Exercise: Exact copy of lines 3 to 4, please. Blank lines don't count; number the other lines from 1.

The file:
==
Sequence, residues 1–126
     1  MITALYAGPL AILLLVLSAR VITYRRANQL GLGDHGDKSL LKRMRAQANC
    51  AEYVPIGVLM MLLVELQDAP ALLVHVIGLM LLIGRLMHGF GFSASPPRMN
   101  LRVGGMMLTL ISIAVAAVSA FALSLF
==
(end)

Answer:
    51  AEYVPIGVLM MLLVELQDAP ALLVHVIGLM LLIGRLMHGF GFSASPPRMN
   101  LRVGGMMLTL ISIAVAAVSA FALSLF